I have an even better idea, revol: How about you stick to the thread topic instead of constantly veering off to further feed your pathetic ego frenzy and pursue personal grievances in a faux-political guise? You can start by engaging this Dorreen in conversation rather than mocking her with internal libcom humor.

Doreen Ellen Be...
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Nov 18 2007 18:36

In the case of teachers in Israel striking: I wouldn't care less if they starved to death.

In fact, they'd be doing Israel a service.

They are not workers struggling for better work conditions. They have excellent work conditions as it.

The Israeli school year is only about 200 days long and four - five hours a day long because of their "struggle".

They're paid in full for the days, um, I mean months, that they don't work.

As gov't workers, they also are entitled to bank at the special bank provided for gov't workers and get preferred mortgages, loans, car loans, interest rates...

The Jews in Israel have by far the highest semi-literacy rates of any Jewish community in the world, thanks to their "efforts".

They are state agents and seeing them "struggling" for better work conditions arouses as much pity in my heart as if it was SHaBak or the Mossad "workers", or "social workers" for that matter too.

P.S. I can't remember there was a factory worker strike in Israel. They don't dare, even though they work a shift and a half and still have to get a welfare subsidy to bring them *up* to the poverty line.

I know what I'm talking about. I went to work in a factory to see the conditions.

D2

Doreen Ellen Be...
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Nov 18 2007 18:39

revol86

Whether the agent is implanted in your head or you are implanted like a "prick" here, is of no consequence.

You and those like you are worthless to the revolution.

All of the Anarchist revolutionaries were great Spirits.

There wasn't a waste of protoplasm among them.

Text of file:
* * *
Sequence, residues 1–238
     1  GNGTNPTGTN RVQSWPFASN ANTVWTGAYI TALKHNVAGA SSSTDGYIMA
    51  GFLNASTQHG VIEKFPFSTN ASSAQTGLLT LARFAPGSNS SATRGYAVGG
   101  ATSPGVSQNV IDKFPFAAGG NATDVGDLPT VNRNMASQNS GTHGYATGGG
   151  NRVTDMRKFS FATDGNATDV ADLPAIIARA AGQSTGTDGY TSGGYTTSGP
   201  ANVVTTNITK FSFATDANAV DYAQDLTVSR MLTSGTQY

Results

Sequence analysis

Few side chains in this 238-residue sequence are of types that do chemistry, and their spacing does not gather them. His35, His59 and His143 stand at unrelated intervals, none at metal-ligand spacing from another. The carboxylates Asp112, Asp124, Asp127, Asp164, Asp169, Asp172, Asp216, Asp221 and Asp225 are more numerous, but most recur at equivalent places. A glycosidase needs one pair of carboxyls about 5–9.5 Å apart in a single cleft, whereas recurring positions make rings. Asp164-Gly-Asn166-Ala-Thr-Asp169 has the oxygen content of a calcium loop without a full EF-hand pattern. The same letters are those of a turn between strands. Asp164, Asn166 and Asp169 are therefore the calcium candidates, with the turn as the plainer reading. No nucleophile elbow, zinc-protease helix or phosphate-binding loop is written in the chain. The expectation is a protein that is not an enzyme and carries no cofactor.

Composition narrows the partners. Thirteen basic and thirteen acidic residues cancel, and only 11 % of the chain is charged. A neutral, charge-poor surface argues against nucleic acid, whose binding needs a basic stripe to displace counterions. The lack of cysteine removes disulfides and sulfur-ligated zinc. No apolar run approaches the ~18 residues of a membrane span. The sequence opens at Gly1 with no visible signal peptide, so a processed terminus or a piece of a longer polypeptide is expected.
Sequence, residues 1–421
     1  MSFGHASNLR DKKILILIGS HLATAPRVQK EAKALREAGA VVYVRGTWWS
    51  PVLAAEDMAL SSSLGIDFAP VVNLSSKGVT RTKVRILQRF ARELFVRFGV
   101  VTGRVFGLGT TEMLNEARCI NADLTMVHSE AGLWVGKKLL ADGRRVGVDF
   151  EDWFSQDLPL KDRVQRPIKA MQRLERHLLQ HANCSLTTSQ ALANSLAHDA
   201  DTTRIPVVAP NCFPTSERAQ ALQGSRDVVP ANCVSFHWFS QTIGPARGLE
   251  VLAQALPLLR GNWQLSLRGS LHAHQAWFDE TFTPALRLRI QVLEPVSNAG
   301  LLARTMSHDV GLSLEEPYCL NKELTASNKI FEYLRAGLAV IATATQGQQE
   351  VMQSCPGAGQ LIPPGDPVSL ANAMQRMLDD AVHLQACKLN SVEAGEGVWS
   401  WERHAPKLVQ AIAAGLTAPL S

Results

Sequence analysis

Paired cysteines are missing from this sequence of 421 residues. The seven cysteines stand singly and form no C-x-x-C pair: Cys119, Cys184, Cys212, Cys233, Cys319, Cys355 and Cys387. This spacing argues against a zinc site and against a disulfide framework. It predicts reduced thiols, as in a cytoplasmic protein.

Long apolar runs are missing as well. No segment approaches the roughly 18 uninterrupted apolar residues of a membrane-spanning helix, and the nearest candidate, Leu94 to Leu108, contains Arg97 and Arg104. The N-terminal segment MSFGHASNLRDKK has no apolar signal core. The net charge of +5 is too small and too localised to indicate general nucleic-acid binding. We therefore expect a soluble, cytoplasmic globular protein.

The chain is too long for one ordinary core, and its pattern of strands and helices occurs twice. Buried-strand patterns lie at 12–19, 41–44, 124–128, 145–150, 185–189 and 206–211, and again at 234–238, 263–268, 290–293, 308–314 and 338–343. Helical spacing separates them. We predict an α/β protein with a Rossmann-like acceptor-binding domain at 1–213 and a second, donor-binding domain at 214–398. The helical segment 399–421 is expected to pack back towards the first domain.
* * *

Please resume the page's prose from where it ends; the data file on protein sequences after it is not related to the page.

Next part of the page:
What are you going to do when the revolution comes? Make sarcastic, caustic comments? Make inside jokes? Take a poll?

As I said, useless.

D2

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jef costello
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Nov 19 2007 07:44
revol68 wrote:
I don't see what your mocking laughter is in aid of, maybe childrens' right to self expression, discovery and growth are just a joke to you but some of us love and respect children as equals, as partners even, in the struggle to overcome the restrictive norms, assumptions and moralities of bourgeois society. In playgrounds across the world there are children just desperate for adults who are brave and open minded enough to take their hand in theirs and begin to strip away the layers of myth and repression that raise artificial divisions that seperate them. The revolution will only worthy of the name when it transgresses the intergenerational divide!

some of your best work.

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Steven.
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Nov 19 2007 11:05
Doreen Ellen Bell-Dotan wrote:
In the case of teachers in Israel striking: I wouldn't care less if they starved to death.

In fact, they'd be doing Israel a service.

Banned.

Stop the flaming in here people.